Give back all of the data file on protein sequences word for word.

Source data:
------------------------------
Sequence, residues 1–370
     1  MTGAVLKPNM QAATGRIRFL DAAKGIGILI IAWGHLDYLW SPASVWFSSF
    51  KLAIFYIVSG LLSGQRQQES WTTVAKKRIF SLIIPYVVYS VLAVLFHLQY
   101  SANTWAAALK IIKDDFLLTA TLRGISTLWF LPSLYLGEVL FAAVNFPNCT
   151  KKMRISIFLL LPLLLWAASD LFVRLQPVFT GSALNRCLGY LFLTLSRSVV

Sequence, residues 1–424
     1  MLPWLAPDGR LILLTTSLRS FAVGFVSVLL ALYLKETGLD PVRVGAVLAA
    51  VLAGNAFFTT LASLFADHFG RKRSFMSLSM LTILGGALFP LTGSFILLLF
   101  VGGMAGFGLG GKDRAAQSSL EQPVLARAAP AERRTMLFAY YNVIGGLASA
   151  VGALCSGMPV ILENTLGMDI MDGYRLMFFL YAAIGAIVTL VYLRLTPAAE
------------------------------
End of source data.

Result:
Sequence, residues 1–370
     1  MTGAVLKPNM QAATGRIRFL DAAKGIGILI IAWGHLDYLW SPASVWFSSF
    51  KLAIFYIVSG LLSGQRQQES WTTVAKKRIF SLIIPYVVYS VLAVLFHLQY
   101  SANTWAAALK IIKDDFLLTA TLRGISTLWF LPSLYLGEVL FAAVNFPNCT
   151  KKMRISIFLL LPLLLWAASD LFVRLQPVFT GSALNRCLGY LFLTLSRSVV

Sequence, residues 1–424
     1  MLPWLAPDGR LILLTTSLRS FAVGFVSVLL ALYLKETGLD PVRVGAVLAA
    51  VLAGNAFFTT LASLFADHFG RKRSFMSLSM LTILGGALFP LTGSFILLLF
   101  VGGMAGFGLG GKDRAAQSSL EQPVLARAAP AERRTMLFAY YNVIGGLASA
   151  VGALCSGMPV ILENTLGMDI MDGYRLMFFL YAAIGAIVTL VYLRLTPAAE